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Wednesday, March 07, 2007

Inside the jury room
Posted by Jill | 6:51 AM
Today's must-read is Libby juror Denis Collins' diary from the jury room of the trial. Just go read it.

Collins is an interesting choice to be the public face of the jury, and if the switfboating of Juror #9 by the Usual Suspects hasn't begun yet, it will any second. Here's why:

Judge Walton read the query sheet I'd marked earlier.

You know someone on the prospective witness list?

I do. Bob Woodward was my boss at the Washington Post for three or four years.

Would you tend to give his statements more credibility than the statements of other witnesses?

I immediately picture a party Woodward hosted at his Georgetown home for the Metro staff about 25 years ago. When I went looking for my girl friend, I found her with some copy aides and reporters in an attic piled high with boxes of files for one of his books.

"Unbelievable," said one of the reporters. "Look at the file labels. This entire box is backup for one interview."

But not infallible. Didn't he write two different books about going to war in Iraq?

Know anyone else on the list?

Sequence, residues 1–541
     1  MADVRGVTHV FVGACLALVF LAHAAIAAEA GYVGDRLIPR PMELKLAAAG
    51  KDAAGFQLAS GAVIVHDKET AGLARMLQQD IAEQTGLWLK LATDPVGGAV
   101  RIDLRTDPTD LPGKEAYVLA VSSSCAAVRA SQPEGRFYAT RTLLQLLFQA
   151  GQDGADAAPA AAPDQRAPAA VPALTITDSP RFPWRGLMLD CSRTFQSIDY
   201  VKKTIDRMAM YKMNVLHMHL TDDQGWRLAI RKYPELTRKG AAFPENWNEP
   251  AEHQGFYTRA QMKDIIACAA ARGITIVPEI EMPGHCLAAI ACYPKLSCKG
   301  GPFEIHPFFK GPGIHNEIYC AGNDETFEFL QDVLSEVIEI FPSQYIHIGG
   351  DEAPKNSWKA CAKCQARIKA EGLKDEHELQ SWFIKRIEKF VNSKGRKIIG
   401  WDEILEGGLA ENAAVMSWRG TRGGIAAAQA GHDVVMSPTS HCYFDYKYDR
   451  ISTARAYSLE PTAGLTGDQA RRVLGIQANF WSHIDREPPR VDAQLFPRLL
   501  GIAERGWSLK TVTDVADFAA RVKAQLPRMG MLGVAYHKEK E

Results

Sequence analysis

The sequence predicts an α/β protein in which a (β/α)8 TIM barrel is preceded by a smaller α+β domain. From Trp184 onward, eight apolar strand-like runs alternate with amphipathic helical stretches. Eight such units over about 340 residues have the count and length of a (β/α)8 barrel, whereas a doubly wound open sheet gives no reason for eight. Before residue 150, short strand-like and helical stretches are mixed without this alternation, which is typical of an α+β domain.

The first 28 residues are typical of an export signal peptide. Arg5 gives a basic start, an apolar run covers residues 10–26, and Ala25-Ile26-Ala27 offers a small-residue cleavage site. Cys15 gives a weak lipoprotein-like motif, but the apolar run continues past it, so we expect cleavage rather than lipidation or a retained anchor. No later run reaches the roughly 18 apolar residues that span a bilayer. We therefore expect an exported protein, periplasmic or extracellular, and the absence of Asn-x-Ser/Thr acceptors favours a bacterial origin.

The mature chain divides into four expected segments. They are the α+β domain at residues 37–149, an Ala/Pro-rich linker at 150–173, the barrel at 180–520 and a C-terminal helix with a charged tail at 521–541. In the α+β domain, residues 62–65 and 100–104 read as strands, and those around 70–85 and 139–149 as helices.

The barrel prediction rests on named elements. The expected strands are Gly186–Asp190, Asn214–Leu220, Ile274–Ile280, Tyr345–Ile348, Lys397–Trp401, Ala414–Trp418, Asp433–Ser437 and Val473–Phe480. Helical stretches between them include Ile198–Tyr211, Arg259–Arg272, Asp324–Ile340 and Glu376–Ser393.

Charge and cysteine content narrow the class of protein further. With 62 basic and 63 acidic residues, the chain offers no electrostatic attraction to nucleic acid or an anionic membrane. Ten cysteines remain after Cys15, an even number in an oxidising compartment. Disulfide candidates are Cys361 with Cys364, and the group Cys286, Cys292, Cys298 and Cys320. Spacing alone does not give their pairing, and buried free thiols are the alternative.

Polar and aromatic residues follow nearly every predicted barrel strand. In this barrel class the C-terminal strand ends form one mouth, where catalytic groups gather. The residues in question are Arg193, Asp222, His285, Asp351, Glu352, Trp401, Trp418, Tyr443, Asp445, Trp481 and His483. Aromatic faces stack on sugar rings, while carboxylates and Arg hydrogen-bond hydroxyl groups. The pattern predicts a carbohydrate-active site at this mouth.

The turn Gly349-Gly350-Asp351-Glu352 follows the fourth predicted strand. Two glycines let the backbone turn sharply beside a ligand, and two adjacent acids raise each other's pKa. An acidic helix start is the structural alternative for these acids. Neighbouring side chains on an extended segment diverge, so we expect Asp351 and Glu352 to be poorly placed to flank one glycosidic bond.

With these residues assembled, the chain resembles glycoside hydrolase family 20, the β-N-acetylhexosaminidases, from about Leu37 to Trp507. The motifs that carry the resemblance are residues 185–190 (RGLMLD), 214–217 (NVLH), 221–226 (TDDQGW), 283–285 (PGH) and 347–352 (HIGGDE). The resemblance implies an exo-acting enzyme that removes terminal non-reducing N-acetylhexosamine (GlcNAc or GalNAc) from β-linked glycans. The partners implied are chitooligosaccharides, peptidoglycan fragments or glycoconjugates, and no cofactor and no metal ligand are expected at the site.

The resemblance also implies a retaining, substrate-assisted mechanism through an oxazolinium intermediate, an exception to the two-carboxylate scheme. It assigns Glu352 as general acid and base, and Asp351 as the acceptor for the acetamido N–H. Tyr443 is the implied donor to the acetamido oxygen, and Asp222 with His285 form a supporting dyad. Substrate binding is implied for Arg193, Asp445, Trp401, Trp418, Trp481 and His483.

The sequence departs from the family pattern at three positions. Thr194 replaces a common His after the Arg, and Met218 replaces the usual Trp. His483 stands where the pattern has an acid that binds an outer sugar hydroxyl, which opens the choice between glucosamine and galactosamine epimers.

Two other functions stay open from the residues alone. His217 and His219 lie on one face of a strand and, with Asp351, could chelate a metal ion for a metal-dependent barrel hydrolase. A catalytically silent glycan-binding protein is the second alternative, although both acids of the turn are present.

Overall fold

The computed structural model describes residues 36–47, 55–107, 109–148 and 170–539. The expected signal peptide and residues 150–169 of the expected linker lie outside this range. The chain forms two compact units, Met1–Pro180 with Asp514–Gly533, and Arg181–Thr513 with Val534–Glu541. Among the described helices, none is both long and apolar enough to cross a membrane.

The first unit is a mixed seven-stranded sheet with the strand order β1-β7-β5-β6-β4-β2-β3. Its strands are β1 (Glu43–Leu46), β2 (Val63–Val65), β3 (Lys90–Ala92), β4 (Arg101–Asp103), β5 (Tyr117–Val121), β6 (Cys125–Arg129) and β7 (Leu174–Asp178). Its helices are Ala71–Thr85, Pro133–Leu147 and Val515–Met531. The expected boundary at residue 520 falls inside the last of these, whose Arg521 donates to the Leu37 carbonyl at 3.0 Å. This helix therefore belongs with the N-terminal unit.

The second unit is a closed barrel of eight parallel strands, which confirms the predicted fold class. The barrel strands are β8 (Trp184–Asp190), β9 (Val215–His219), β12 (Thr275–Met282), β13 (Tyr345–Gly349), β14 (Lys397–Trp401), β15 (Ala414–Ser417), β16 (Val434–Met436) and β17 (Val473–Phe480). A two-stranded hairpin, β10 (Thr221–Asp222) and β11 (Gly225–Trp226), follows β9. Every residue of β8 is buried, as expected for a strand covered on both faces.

Washington Post reporter Walter Pincus. I don't think I ever spoke to him during my 10 years at the Post, but twice in the last 14 months we talked at parties thrown by a mutual friend.

Anyone else?

Until a year or so ago, Tim Russert was a neighbor. His back yard and mine shared an alley and a basketball hoop where our sons played. I attended a few neighborhood barbecues in his back yard.

Attorneys at both tables are suppressing "aint this a small town" grins.

Do you know Judith Miller?

No. And yet. I remember a scathing column about Miller in the New York Times and volunteer that I went to grade school with its author, Maureen Dowd. (Maureen had a crush on my brother Kevin. Her older brother Kevin was something of a hero to my youngest brother Brendan after he showed up to coach his grade school football team one Saturday morning in a convertible, with a gorgeous woman in a black cocktail dress in the front seat, and what appeared to be an empty bottle of champagne on the floor. They'd obviously been up all night. He obviously had game.)

I'm not eager to be on any jury for a six week trial, especially with a recently published novel to pimp. But the suggestion that I might lay down for a fellow journalist is starting to irritate. I had to work too hard to become a reporter. Started in the basement of the Washington Post pushing 400 pound rolls of paper to the presses, blah, blah, blah.

"From where you sit I'd be skeptical too," I tell them. "But I've also heard good things about Mr. Libby." Pregnant pause. "A friend who played in a 40 and older touch football league with him says he has a good arm."

Actual snickering.

One of the lawyers asks me the subject of my 2005 non-fiction book.


"You wrote about the CIA?"

"I did." The perfect storm.

Yet here I am.

Their squawking is so predictable I could almost write it myself.


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